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Secular celebrating on religious holidays (spin-off)


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  #1  
September 30th, 2010, 04:45 AM
sunshine411's Avatar Let's go MAVS!!!!
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In the Merry Christmas/Happy Holidays thread a few different people mentioned that they don't like that people make Christmas so secular. It was pointed out that it's actually a pagan holiday, not a christian one, but that got me thinking.

What about other holidays? Like Halloween and Easter? Do you not celebrate Halloween because it's not a christian holiday? Do you not do Easter eggs and the Easter bunny, or baskets for your kids? What about Santa Clause? Do you feel like your kids are missing out on some of the fun parts of just being a kid? Why can't/shouldn't kids do the fun part and learn about the religious part that you believe in all at the same time?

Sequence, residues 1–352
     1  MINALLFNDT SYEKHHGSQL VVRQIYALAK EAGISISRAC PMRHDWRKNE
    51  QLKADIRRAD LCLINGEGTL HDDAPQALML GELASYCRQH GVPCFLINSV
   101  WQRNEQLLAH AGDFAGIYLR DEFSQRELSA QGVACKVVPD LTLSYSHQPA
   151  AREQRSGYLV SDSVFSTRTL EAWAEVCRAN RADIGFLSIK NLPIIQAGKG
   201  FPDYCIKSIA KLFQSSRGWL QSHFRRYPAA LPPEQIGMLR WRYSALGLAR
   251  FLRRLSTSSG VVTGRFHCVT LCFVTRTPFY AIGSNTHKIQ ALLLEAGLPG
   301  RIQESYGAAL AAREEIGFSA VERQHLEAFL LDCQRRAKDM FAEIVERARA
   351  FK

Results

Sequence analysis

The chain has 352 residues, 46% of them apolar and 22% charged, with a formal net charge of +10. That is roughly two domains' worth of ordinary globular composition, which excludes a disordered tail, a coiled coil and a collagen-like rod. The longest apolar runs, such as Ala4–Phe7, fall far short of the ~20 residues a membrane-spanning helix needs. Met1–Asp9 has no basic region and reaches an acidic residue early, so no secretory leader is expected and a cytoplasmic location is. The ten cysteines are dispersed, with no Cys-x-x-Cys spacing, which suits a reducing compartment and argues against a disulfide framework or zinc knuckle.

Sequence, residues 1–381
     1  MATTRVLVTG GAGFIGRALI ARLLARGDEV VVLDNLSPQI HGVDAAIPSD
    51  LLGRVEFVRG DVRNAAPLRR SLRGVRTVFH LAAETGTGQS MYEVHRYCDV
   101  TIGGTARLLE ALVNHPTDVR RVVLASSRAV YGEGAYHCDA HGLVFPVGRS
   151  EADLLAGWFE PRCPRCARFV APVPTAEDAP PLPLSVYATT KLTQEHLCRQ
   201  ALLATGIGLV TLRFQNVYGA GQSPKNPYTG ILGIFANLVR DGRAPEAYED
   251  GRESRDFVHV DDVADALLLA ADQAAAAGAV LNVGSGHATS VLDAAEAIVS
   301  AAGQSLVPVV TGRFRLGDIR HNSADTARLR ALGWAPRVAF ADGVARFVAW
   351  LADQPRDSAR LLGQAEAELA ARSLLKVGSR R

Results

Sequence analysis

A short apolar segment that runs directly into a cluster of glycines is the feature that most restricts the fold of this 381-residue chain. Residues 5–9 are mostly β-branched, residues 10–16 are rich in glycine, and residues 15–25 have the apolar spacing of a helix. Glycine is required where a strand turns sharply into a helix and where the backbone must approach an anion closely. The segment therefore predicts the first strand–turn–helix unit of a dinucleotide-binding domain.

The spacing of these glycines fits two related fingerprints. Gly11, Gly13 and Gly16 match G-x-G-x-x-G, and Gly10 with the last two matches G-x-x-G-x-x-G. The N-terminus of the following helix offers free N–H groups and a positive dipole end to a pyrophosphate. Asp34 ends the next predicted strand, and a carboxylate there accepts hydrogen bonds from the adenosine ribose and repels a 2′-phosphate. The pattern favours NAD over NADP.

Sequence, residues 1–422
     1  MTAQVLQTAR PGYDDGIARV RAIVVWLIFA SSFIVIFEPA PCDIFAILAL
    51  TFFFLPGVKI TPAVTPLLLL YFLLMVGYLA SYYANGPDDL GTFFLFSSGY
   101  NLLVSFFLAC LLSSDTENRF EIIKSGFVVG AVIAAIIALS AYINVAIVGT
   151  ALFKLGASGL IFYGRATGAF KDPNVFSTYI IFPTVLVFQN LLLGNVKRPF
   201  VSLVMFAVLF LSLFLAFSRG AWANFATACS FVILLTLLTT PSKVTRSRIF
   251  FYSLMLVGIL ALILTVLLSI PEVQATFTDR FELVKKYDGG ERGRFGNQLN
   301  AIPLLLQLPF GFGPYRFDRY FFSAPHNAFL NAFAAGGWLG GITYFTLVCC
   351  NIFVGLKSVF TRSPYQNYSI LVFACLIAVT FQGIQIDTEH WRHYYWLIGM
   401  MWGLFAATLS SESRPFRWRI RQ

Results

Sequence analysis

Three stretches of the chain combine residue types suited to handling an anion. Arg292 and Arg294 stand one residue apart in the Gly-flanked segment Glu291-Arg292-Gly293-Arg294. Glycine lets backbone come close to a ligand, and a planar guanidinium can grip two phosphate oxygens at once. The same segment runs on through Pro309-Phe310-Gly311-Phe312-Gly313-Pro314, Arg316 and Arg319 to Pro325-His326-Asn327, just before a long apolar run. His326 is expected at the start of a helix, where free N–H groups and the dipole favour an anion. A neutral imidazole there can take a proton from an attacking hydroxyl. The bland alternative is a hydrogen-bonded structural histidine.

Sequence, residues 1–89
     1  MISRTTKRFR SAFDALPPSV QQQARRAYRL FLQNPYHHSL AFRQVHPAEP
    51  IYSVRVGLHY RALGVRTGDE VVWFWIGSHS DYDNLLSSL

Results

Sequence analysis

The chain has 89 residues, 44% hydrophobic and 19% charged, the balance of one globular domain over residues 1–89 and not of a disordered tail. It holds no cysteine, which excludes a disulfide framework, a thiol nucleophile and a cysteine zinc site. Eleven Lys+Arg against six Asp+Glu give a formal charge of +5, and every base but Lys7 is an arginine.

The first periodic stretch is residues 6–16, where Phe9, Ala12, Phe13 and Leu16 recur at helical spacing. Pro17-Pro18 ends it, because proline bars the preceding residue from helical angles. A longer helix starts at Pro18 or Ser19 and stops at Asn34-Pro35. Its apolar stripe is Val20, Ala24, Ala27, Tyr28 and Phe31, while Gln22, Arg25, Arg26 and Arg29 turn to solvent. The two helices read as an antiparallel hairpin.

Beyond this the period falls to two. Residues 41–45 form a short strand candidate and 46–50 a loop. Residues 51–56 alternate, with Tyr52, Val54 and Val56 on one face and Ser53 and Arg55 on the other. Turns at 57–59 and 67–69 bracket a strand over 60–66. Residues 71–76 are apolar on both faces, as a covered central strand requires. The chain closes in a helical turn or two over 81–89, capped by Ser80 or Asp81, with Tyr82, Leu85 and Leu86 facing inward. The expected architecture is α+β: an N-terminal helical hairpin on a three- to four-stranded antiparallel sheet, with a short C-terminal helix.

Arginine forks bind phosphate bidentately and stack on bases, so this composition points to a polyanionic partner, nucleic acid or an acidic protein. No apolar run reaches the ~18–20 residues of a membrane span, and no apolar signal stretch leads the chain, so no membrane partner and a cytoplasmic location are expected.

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  #2  
September 30th, 2010, 06:28 AM
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We do it all. We celebrate the religious part and the "holiday" part. Its too much fun to not play santa for the kids .
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  #3  
September 30th, 2010, 08:54 AM
AMDG's Avatar Margaret
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Quote:
Originally Posted by sunshine411 View Post

What about other holidays? Like Halloween and Easter? Do you not celebrate Halloween because it's not a christian holiday? Do you not do Easter eggs and the Easter bunny, or baskets for your kids? What about Santa Clause? Do you feel like your kids are missing out on some of the fun parts of just being a kid? Why can't/shouldn't kids do the fun part and learn about the religious part that you believe in all at the same time?